Blending unmatched twitch-action with an incomparably oppressive atmosphere and multiplayer that will monopolize your broadband for months, Gears of War is the game the 360 was designed to play.
Talked up for months in a marketing campaign whose cost undoubtedly dwarfs the gross national product of most third-world nations, we can safely announce that Gears of War delivers on the promises developer Epic has made. Here's how it suckered us...
Gears of War zigs when you expect it to zag - where you'd imagine a guitar-heavy, thrash metal-laced soundtrack, Gears of War belts out a hard-hitting symphony packed with fanfares and themes that get your blood pumping far more than any generic electric guitar could.
This theme of surprise is carried over into the gameplay as well. Gears of War doesn't just focus on your standard running and gunning, but rather delves into some fantastic twists on the tired shooter genre.
The first time you run up against a blind Berserker (who can only be killed outside using the lasers of orbiting satellites - which you can call down using a pointer called the Hammer of Dawn), you'll understand the drastic departure Gears of War has taken - a swerve which fulfills the promise of next-gen like no other title yet. When you try to guide hero Marcus Fenix over a rotted-out wooden floor without dropping him into a nest of bloodthirsty Locusts, you'll know the definition of innovation.
That is, if you can get past the graphics. Huge, muscular combatants move like giant men wearing heavy gear, fine details are everywhere, and splattering blood never looked so beautiful - and we mean that in an uncreepy, non-Hannibal Lecter kind of way. It just looks incredible.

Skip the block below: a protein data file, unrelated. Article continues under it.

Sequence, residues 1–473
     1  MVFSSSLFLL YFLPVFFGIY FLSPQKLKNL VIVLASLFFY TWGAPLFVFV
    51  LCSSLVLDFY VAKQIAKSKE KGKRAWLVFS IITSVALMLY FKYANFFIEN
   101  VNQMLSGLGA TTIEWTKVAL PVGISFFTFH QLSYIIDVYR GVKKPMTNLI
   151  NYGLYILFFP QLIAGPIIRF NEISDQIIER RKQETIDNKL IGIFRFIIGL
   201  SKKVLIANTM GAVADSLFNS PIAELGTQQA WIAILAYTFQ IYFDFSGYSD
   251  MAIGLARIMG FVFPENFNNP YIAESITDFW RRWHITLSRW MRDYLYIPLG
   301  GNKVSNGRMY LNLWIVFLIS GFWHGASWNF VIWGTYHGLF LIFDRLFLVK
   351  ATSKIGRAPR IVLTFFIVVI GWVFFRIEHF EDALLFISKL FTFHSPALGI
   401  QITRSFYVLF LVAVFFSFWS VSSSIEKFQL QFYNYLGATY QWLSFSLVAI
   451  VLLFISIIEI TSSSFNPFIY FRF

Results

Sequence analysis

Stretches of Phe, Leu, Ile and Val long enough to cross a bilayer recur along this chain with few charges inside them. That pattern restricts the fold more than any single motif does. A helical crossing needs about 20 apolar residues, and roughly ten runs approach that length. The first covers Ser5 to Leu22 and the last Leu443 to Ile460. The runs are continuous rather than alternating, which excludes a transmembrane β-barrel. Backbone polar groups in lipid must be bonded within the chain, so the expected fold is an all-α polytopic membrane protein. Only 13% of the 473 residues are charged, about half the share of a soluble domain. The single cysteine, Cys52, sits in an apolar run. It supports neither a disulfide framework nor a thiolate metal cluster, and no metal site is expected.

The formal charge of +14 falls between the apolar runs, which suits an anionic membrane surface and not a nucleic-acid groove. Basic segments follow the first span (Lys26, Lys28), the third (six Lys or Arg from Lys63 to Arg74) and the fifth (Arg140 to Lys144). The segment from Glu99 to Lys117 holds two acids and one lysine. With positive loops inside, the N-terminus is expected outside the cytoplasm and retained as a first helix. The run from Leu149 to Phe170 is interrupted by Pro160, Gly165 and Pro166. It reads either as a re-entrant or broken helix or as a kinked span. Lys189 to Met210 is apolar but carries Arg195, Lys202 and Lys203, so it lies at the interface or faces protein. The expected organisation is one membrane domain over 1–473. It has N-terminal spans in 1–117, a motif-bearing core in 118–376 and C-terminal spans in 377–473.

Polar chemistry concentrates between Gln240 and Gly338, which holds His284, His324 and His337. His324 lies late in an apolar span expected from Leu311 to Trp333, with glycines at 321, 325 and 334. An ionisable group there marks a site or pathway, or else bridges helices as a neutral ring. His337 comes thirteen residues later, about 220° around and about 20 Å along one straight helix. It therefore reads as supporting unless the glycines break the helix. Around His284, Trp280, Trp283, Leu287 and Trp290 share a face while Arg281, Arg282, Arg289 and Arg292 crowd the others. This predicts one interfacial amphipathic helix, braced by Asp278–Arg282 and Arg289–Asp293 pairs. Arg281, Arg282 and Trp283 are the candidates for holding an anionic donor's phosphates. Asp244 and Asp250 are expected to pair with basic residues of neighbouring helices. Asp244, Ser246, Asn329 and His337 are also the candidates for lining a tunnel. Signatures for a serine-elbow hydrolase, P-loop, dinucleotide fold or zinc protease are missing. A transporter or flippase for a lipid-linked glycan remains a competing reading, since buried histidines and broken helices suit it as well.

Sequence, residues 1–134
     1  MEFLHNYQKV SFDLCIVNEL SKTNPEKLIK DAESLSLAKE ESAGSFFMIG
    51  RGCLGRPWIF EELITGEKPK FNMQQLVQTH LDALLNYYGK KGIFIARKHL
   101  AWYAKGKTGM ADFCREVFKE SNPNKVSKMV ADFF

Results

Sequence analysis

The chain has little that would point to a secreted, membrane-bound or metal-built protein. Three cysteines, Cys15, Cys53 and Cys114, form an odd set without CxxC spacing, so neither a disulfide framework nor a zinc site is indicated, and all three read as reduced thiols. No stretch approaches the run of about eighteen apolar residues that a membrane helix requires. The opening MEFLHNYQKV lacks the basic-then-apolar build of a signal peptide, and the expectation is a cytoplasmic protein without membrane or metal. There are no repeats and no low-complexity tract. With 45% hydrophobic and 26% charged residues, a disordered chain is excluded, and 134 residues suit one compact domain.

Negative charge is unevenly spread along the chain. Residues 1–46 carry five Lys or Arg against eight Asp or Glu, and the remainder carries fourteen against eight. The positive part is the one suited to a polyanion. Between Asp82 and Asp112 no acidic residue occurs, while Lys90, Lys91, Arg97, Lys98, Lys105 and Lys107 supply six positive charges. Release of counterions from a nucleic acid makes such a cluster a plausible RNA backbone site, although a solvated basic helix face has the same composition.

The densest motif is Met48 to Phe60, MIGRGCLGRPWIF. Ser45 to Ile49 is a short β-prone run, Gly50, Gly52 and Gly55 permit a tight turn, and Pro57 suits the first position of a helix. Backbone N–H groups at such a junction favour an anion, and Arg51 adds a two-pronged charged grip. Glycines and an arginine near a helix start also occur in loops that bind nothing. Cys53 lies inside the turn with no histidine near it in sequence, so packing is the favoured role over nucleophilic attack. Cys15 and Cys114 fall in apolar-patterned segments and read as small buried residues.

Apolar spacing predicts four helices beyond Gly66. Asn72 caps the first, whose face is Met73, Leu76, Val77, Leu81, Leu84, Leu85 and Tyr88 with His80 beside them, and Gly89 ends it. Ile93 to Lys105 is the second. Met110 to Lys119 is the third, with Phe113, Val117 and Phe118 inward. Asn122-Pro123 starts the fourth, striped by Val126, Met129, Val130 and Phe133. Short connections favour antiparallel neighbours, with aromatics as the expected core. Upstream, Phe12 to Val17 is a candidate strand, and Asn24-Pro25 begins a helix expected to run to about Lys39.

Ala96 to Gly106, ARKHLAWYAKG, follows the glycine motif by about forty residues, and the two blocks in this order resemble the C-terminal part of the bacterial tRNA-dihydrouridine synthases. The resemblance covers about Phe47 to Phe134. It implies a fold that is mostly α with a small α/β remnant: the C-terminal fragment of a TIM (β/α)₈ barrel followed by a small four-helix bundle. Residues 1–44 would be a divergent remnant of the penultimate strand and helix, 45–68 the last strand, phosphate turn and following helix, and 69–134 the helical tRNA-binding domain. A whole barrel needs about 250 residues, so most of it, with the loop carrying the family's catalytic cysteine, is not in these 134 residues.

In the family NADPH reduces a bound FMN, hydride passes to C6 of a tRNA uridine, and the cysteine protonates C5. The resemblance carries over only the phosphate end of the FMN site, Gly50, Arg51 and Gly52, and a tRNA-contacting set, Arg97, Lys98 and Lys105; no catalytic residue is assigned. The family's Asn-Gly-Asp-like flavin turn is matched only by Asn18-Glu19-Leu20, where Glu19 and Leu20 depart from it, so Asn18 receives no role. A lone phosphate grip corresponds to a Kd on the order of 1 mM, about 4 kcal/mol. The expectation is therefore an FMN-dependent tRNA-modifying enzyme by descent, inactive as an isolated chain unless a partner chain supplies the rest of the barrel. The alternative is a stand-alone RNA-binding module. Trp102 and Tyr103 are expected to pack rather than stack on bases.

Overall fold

As if the single-player campaign isn't satisfying enough (and it is, though it's over far too soon, at around eight hours), Gears of War's four-on-four multiplayer action has swept the GamesRadar offices in a way unknown to these weathered game reviewers since Halo 2. There, we said it: Gears of War has induced the kind of spontaneous throw-downs that used to be reserved only for that holiest of Halos. Be sure to click on the Movies tab above for a video account of our experiences with Gears of War, and if you like it (or don't have time to sit and watch now) go ahead and download a portable version for your iPod by clicking this link.
Gears of War accomplishes this by providing a rich suite of contextual actions that are fairly easy to grasp, but incredibly challenging to master. Shucking and jiving around the map, making sure you're always under protective cover is easy enough, but getting the hang of the highly-touted chainsaw bayonet takes some serious dedication. Add to that the expansive arsenal of weapons at your command and the deeply nuanced tactical options, and you've got a game that may never get old.
We do have one word of caution, however: people are going to get very good at this game very quickly over Xbox Live, so bear in mind that the competition will be stiff. If you don't like losing, you may want reserve your multiplayer matches for only your closest friends in order to avoid getting your ego stomped into the pavement by some random thirteen year old with a foul mouth.
We were wary of Gears of War and its hype-fueled debut, but actually playing this magnum opus has shoved all doubts from our extremely critical minds. If you own a 360, you owe it to yourself to buy this game (and an Xbox Live account... and broadband internet service if you don't already have either of those). If you like guns at all, you owe it to yourself to buy a 360 just for Gears of War - you will not be the least bit sorry.